Kerry rips Israel over settlements
WASHINGTON (AP) — Secretary of State John Kerry tore into Israel on Wednesday for settlement-building, accusing Prime Minister Benjamin Netanyahu of dragging Israel away from democracy and forcefully rejecting the notion America had abandoned Israel with a controversial U.N. vote. Netanyahu accused the Obama administration of a biased bid to blame Israel for failure to reach a peace deal.
In a farewell speech, Kerry laid out a two-state vision for peace he won’t be in office to implement but that the U.S. hoped might be heeded even after President Barack Obama’s term ends. He defended Obama’s move last week to allow the U.N. Security Council to declare Israeli settlements illegal, the spark that set off an extraordinary and deepening diplomatic spat between the U.S. and its closest Mideast ally.
“If the choice is one state, Israel can either be Jewish or democratic, it cannot be both, and it won’t ever really be at peace,” Kerry said in a speech that ran more than an hour, a comprehensive airing of grievances that have built up in the Obama administration over eight years but were rarely, until this month, discussed publicly.
Netanyahu pushed back in a hastily arranged televised statement in which he suggested he was done with the Obama administration and ready to deal with President-elect Donald Trump, who has sided squarely with Israel. The Israeli leader faulted Kerry for obsessing over settlements while paying mere “lip service” to Palestinian attacks and incitement of violence.
“Israelis do not need to be lectured about the importance of peace by foreign leaders,” Netanyahu said from Jerusalem.
The dueling recriminations marked a low point for U.S.-Israel relations, and a bitter end to eight years of frustrated ties between Obama and Netanyahu, who quarreled repeatedly over settlements, the peace process and Obama’s nuclear deal with Iran.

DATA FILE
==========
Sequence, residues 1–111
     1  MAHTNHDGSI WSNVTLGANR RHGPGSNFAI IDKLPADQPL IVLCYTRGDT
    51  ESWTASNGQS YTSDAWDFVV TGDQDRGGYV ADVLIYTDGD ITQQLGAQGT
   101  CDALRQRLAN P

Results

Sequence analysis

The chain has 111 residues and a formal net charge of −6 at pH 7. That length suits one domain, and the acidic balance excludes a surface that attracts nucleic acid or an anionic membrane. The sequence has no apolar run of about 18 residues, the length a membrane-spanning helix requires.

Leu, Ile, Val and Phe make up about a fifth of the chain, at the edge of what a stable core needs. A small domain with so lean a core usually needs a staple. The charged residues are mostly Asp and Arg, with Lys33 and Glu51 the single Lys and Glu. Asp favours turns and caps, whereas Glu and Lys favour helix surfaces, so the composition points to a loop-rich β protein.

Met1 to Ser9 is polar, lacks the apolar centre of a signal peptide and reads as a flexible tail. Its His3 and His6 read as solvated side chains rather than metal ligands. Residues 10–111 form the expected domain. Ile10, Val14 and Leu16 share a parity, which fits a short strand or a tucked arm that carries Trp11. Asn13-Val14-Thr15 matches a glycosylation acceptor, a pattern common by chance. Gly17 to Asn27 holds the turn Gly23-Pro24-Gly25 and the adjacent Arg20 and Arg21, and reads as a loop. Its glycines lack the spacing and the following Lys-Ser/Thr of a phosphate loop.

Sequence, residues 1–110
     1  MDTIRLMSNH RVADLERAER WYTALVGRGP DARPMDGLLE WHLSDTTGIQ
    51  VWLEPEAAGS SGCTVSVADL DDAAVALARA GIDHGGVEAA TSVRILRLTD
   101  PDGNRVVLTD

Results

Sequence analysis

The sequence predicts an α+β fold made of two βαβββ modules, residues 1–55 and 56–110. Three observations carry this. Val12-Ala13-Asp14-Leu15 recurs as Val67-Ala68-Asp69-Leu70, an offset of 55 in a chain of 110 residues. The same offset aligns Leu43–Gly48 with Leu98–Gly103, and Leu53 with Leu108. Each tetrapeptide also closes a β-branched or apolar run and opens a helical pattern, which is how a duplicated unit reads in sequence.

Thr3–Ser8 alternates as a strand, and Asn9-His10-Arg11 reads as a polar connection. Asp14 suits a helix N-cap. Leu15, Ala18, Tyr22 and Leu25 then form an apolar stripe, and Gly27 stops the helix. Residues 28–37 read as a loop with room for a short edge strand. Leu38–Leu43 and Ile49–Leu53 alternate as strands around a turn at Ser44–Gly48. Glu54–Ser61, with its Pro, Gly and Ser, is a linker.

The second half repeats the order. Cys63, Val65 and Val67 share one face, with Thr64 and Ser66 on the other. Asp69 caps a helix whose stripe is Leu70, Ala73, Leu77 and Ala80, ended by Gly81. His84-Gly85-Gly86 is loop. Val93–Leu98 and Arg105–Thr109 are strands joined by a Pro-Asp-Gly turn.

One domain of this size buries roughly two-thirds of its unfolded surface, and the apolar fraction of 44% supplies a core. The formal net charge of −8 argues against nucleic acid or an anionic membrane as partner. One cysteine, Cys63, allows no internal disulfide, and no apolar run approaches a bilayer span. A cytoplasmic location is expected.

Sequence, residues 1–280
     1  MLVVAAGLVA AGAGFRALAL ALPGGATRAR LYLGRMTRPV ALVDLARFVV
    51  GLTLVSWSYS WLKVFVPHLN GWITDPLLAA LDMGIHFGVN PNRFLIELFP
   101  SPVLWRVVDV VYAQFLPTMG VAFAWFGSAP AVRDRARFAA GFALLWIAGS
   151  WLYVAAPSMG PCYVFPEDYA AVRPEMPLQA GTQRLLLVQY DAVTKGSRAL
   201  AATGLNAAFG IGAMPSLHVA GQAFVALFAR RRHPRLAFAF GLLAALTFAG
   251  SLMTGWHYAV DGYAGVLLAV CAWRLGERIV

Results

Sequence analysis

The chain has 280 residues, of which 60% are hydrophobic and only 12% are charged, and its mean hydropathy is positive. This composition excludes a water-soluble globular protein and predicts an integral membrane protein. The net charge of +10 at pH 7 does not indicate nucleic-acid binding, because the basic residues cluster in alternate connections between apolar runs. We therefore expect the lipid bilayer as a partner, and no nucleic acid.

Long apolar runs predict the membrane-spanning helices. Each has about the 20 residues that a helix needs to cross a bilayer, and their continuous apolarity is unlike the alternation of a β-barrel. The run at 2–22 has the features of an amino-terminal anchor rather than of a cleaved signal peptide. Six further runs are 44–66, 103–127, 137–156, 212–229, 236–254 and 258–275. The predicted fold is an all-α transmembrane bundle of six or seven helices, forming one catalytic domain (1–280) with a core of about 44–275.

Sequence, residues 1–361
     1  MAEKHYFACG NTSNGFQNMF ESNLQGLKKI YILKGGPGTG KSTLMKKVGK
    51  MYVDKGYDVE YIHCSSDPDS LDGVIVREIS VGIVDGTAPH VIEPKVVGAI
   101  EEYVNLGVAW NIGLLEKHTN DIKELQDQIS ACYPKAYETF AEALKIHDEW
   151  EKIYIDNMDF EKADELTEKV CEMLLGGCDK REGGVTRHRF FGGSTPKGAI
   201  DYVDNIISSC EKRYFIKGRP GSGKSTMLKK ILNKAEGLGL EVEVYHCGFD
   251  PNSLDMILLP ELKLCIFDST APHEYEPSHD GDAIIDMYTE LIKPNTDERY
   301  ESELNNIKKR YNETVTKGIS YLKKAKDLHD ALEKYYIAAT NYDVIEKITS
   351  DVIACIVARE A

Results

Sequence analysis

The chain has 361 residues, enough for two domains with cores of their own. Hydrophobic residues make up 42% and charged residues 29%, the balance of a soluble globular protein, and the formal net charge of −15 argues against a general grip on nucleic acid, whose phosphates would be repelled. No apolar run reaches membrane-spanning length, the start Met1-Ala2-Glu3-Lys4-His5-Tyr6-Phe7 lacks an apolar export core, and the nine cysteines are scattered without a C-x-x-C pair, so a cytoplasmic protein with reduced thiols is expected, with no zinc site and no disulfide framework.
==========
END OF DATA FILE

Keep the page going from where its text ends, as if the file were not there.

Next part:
It was unclear what impact Kerry’s speech, coming in the final days of the administration, might have.
Netanyahu expressed concern a French-hosted summit next month could lead to an international framework that the U.N. Security Council might then codify with Obama’s assent, boxing Israel in. Yet Kerry seemed to rule out the possibility Obama would take more parting shots, such as promoting that type of U.N. resolution or recognizing Palestinian statehood.
The diplomatic fracas erupted last week when the U.S., in a departure from past policy, decided to abstain rather than veto a U.N. Security Council resolution calling Israeli settlements in the West Bank and east Jerusalem a violation of international law. Israel was incensed, and on Wednesday, Netanyahu claimed Israel has “absolute, indispensable evidence” the U.S. actually spearheaded the resolution.
Netanyahu offered what he called proof of U.S. collusion: a document, leaked to an Egyptian newspaper, that purports to be a Palestinian account of a December meeting between top U.S. and Palestinian officials. But White House spokesman Ned Price called it a “total fabrication” and added: “This meeting never occurred.”
Palestinian President Mahmoud Abbas responded to the speech by reaffirming he’s ready to resume peace talks if Israel halts settlement construction.